Merging Supercells and Tornado
Tulia Texas 21 June 2004

 

During the last evening hours of June 21st a very severe supercell thunderstorm moved south out of Amarillo Texas along Interstate 27. The storm had a history of high winds, numerous brief tornadoes and hail over 4 inches in diameter. Lying in the path of this storm was a couple of small low precipitation supercell. Many times the merger of supercells can bring the onset of tornadic activity. In this particular situation the storm approaching from the north had a strong gust front with winds stronger than 60 MPH. The question was, can the small storms produce a tornado before the outflow winds from the north storm sweep under them, thus cutting off all inflow to the growing updrafts.

 
 

All images and text
© copyright Gene Moore


   
 

Approaching supercell along I-27 at mile marker 86. The lower dark clouds were very turbulent and responsible for spinning up numerous gustnados. One such funnel is shown in the frame and later spun up a large dust cloud, although not counted as real tornadoes, they do tend to scare those in their path. The menacing appearance kept spotters and chasers fixed on the north storm, it was also the source of all the current warnings.

 


 
 

North supercell dropping south from Amarillo begins to draw in material from small supercell over Tulia. Long streamers of cumulus poured into the outflow of the north storm. Although still daylight these towers were full of intracloud lightning.

   

Looking to the southeast with a wide angle captures a wall of rock hard updrafts streaming north-northeast into the approaching storm. Hey, these things were tall, but that wide angle lens makes them look little-bitty.

 


   
 

Lot's of rock hard convection feeding into a point to my east. I thought I should get over there but that nasty gust front was coming down from the north....decisions .....decisions.

   

Meanwhile to the south another small supercell is developing. This is so complicated, do I go south or east. Then looking east a multivortex dirt whirl developed heading northeast. I made a beeline for the next exit.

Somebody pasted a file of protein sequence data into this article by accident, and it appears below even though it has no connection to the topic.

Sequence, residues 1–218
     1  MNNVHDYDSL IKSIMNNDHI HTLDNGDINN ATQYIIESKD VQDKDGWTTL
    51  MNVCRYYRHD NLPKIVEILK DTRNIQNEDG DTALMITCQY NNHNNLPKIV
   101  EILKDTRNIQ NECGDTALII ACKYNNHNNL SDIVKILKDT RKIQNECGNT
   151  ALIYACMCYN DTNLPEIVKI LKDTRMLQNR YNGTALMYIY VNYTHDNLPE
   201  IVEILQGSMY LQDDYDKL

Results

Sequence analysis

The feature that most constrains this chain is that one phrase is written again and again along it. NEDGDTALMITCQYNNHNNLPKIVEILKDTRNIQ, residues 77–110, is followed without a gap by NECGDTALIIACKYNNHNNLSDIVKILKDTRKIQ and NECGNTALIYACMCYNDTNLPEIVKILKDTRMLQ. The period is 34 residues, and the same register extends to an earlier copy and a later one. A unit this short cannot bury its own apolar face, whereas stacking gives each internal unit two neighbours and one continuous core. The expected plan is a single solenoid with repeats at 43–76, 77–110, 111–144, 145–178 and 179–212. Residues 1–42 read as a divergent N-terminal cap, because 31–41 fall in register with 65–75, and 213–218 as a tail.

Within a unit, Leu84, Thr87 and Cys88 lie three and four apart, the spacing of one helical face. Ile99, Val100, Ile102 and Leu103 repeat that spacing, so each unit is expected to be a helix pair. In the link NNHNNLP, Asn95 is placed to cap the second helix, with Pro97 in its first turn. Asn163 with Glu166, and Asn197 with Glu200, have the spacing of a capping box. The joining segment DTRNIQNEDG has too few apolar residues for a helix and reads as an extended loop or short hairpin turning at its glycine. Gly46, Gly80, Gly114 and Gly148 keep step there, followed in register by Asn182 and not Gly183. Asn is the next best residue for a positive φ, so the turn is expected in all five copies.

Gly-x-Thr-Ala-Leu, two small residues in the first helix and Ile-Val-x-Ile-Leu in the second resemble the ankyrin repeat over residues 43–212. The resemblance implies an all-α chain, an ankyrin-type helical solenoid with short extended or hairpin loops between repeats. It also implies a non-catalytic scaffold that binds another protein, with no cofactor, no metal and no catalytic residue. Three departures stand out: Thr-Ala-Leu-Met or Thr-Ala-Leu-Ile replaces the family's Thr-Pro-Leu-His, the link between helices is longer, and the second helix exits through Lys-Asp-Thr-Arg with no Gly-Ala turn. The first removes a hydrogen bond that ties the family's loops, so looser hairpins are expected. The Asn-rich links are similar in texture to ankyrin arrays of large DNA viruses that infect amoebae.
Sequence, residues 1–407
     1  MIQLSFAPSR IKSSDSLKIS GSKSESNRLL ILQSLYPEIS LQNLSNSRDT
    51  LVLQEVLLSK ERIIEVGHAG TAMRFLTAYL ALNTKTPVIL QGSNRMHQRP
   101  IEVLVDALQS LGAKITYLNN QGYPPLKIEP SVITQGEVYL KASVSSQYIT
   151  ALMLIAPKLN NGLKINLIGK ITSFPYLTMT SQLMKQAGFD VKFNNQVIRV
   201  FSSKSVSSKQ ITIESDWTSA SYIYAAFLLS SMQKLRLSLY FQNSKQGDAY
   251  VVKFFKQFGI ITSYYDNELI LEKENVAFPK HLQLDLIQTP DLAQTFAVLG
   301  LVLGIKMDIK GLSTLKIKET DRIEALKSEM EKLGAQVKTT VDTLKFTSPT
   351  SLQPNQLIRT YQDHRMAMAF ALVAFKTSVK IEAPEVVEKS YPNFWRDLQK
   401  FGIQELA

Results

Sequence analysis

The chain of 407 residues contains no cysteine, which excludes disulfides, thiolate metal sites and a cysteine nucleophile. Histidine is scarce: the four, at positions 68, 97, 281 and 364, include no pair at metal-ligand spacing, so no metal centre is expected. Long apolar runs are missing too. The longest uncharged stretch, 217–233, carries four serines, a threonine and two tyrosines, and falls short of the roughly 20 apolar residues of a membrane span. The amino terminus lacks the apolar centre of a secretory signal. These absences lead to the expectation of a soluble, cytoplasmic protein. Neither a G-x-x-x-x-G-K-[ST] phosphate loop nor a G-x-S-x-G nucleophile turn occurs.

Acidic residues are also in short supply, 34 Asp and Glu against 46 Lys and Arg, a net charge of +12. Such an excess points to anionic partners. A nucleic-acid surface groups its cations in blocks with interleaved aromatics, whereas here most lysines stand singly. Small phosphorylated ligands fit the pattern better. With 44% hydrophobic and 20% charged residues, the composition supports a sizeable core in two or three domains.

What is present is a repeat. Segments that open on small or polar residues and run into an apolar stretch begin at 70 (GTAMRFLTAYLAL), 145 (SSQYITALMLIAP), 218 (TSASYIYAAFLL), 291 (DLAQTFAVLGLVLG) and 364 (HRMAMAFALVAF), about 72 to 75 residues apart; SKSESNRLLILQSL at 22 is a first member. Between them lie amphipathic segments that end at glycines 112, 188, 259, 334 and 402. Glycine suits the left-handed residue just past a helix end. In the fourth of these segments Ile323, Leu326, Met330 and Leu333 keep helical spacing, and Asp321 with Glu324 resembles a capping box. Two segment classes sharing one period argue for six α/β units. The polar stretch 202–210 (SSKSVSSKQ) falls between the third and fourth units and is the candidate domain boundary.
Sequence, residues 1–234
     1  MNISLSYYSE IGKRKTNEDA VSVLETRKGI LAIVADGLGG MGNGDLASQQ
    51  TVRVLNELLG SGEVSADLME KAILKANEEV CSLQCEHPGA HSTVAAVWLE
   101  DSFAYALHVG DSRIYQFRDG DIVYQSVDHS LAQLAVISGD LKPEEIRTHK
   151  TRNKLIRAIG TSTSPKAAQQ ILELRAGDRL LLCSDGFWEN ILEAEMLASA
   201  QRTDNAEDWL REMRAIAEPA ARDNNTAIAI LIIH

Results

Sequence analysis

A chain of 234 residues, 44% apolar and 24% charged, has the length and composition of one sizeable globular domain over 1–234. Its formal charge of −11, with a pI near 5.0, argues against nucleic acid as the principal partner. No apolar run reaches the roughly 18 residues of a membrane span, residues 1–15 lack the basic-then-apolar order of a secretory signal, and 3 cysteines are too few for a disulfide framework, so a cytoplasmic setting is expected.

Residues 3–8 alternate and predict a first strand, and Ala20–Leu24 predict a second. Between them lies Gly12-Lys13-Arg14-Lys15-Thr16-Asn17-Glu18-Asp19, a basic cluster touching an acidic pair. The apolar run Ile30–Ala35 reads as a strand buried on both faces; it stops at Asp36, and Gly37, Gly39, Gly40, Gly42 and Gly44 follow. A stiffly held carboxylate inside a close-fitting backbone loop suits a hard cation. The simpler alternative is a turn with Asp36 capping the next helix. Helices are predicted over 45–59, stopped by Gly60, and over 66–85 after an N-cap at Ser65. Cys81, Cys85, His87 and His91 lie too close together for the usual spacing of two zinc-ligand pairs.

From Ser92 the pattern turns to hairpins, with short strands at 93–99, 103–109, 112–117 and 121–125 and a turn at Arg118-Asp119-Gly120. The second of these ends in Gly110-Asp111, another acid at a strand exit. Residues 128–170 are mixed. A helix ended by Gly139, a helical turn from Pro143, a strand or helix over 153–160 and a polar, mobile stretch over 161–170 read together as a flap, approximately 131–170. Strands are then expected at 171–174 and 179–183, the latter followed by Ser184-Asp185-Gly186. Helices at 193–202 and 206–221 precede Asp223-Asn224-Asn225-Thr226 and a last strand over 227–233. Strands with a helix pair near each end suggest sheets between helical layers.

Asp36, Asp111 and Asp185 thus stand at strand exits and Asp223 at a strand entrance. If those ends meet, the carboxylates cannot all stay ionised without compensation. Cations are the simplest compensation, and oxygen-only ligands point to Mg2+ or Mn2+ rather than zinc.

Oh rats, too late, very good tornado, better than it looks here. The area all around the funnel was rotating. I should have been about two miles east, but no road where I needed it.

   

Watching it fade behind a rotating rain curtain is no fun. Also, I got this new digital camera and in low light it's a pain to get set. The focus keep going somewhere it shouldn't be. Anyway, while I'm jacking with the camera the tornado is going somewhere else, leaving me behind. I finally got these shots.

 

   
 

This was the last storm of the day and it was beautiful with spectacular anvil to ground bolts on the south side. It was an outstanding updraft with boiling towers shearing into the anvil canopy. As I drove under the optical vault to my south I expect some large hail, but all I got was terrific inflow winds, really rocked the vehicle bad. After that I setfor the sunset while watching base rotate. It produced a shallow cone funnel and rotating dust cloud. I almost got another tornado, then the roaring gust front swept through from the north storm. It put and end to the rotation very quickly.

 

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